Tommy Shaw looks a lot like David Spade these days, doesn’t he? Anyway, I always dug Styx. Maybe way more than I was supposed to (if I wasn’t supposed to) and Tommy Shaw’s first two solo records, Girls with Guns (1984) and What If? (1986), are pretty damn good in their own right. Styx had split up because Dennis DeYoung wanted to keep getting more theatrical and Shaw and others wanted to go with more of a rock feel instead. “Remo’s Theme” certainly has an early ’80s Styx feel to it but both “Lonely School” and especially “Ever Since the World Began” are perfect segues into his next band, Damn Yankees. The latter could fit right up against their #3 hit, “High Enough.”
“Steady” — 1985, #57 (download)
Jules Shear has been making music since 1976 and continues to release albums, albeit with no commercial success. I’ve never been a fan of “Steady” (cowritten with Cyndi Lauper) mainly because I don’t like his voice, but a lot of the songs he’s written for others are great: “All Through the Night” for Ms. Lauper, “If She Knew What She Wants” by the Bangles, and a few for ‘Til Tuesday (he was dating Aimee Mann for a while).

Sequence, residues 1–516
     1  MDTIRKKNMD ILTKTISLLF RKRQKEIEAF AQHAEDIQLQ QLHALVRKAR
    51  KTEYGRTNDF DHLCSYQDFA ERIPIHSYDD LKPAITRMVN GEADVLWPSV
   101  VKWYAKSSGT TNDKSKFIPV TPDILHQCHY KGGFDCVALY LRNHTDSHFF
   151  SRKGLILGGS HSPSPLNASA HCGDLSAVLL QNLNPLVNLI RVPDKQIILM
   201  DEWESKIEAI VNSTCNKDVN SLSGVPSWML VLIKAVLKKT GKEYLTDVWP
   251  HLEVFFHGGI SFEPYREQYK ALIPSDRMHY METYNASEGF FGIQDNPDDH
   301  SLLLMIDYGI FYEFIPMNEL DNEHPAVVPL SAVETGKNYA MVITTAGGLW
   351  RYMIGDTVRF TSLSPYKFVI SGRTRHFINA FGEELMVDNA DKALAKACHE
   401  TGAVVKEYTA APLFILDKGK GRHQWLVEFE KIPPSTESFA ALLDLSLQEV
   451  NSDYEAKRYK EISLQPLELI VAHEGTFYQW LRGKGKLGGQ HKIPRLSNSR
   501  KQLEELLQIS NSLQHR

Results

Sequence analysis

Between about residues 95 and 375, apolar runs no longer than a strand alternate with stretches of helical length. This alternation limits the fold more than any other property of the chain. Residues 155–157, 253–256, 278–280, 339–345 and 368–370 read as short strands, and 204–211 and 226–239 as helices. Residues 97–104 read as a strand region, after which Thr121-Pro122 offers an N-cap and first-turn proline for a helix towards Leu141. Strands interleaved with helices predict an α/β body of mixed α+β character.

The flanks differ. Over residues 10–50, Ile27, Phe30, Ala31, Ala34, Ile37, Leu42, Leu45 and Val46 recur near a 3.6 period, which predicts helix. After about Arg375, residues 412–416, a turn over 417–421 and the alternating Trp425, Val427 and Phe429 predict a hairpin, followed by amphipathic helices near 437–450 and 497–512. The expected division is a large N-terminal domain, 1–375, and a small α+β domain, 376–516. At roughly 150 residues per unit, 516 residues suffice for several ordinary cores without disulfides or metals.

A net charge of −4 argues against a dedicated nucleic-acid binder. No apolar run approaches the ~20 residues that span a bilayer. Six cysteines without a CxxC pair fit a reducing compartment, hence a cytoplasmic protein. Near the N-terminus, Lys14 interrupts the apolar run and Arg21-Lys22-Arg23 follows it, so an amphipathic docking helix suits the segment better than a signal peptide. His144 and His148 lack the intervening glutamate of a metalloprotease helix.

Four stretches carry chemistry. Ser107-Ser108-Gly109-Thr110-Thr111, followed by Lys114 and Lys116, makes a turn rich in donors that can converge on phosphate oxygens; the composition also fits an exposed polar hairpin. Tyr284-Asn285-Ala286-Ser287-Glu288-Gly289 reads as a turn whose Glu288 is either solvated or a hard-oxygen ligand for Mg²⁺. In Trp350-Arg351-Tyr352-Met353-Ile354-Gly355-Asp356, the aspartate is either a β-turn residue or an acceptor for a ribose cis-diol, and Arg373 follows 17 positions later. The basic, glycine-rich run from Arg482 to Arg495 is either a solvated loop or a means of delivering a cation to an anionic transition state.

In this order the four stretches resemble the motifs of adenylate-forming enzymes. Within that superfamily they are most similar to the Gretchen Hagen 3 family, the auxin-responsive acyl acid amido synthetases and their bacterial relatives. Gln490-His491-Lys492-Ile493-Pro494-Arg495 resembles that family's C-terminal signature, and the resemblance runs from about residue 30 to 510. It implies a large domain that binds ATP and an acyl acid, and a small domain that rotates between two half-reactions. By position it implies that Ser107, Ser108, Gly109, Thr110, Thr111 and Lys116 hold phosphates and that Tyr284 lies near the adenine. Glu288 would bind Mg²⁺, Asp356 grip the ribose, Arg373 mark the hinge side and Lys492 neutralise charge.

“Little Darlin'” — 1981, #49 (download)
Sheila took a different path to this release. She is a French pop singer and sung mostly in her native tongue for the majority of the ’70s. She then went the disco route and took the moniker of Sheila & B. Devotion while having her 1980 King of the World album produced by Nile Rodgers and Bernard Edwards (you know, Nile Rodgers has come up like a half-dozen times in the last month. He’s quickly replacing the Arthur Baker sightings). Then she went “solo” for “Little Darlin'” the semi-rock title track from her 1981 release which is very tough to locate. Then she went back to singing in French exclusively. Phew.